I put my teacher hat back on and go to GRADEBOOK and I can see a list of my students and their scores in the diagnostic test. It’s clear and easy to see. If I go to STUDENT MANAGEMENT I can see how long my students have spent logged on and when they last logged on. I’m trying to see my students’ individual tests to see how they performed on the individual elements and it’s not easy. Aah, finally I find it on the homepage under ASSIGNMENTS. I can see the things I have set my students and I can see a report on it. I can see an average score and then the individual students’ scores, and I can see their individual test papers. Very handy indeed. I now realise that I can assign the test again another time and will be able to compare results the first and the last time the students have done the test. I see a COMMON ERROR REPORT button and when I click on it I get a report on the test items which the students have made mistakes on. So now I know what to focus on in class! I notice the MESSAGE button and decide to e mail my students. A very clear e mail interface pops up and within a moment I can e mail all the students on a course, or choose which student to write to individually. I tell Paul and Salvador to get on with some work because their tests were so poor. They need to work on all areas of their grammar so I tell them to start by looking at Module 1 in the book. I want to them to concentrate on the first module and then do some extra practice online but I don’t want them to shoot off and start doing other modules online so I hide all but Module 1 from them. I switch back to Paul’s account and from the homepage I can see that there is a message indicated by a small 1 next to the MESSAGE button.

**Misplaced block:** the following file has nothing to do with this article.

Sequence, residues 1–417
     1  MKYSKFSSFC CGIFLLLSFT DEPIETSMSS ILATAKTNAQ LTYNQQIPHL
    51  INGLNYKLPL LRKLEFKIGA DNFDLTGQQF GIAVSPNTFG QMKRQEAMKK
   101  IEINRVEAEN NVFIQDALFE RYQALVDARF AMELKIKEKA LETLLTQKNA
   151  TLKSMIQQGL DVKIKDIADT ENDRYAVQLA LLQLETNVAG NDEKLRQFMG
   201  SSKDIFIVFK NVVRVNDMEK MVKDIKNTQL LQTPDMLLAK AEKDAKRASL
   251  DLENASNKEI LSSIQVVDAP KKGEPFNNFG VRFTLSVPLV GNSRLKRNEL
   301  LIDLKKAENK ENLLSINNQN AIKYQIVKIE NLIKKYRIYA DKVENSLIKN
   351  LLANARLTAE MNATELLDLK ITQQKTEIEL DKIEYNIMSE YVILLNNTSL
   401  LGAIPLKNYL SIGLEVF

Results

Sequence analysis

I turn to the My Grammar Lab Intermediate book for the first time. The first thing I notice is that is heavy and I wouldn’t want to be adding it to my shoulderbag if I could help it! I turn to the back and see that it runs to nearly 400 pages – there is enough here to keep any student busy for a long time! A first glance at the contents page shows 20 modules of the areas of grammar I would expect to see covered in a course like this (Unit 1: Nouns and articles, Unit 2: Possessives, pronouns and quantifiers and so on – view the contents page and a sample module here) each module being broken down into 5 or 6 smaller units. So far so predictable, but then I notice that the modules are topic based. Module 1 is Museums and Galleries, other topics include Explorers, Crime, Cars as well as the ones you would expect along the lines of Food and drink, Travel, Holidays and so on. This is definitely an improvement on previous grammar practice books where often no serious attempt is made to contextualise the language or to make the individual units hang together cohesively. Turning to the modules I see that each module has a BEFORE YOU START page. This page has a passage with highlighted text showing the target language of the module. I instinctively approve of this because it shows students what they are going to be studying in a meaningful and accessible way. This is followed by a short diagnostic test which tells students which units go with which questions. The units themselves are clearly laid out and easy to follow. Photographs are used to brighten up the pages and artwork is included in exercises so that almost every page looks different and long passages of text are broken up. The grammatical explanations and input are clear, easy to read and students are often directed to other parts of the book for more exercises on related grammar points. (I see that there is an accompanying audio CD for use in class for pronunciation practice.) This input is followed by practice exercises with answers at the back of the book. At the end of each unit students are directed to GO ONLINE FOR MORE PRACTICE. So I do so and I find some videos of some grammar points. These online videos give a welcome change to the way that grammar is introduced and explained: they feature people and graphics and are professionally produced and easy to understand for English language students. There are plenty of pronunciation activities which involve listening and speaking and the record facility means that students can record their voice and compare their pronunciation with Pearson’s native speaker model. You can also listen and check some of the exercises in the book. All the online exercises are extremely well presented and easy to use. They are similar to the ones in the book but are far more fun and motivating to use than looking up answers in the back of a book. But the most useful thing is that a record of these activities is kept by MyGrammarLab in its GRADEBOOK and at any time the teacher can look up a student, see how many activities they have done, their score in the activities, how much time they have spent on task and when they last logged on.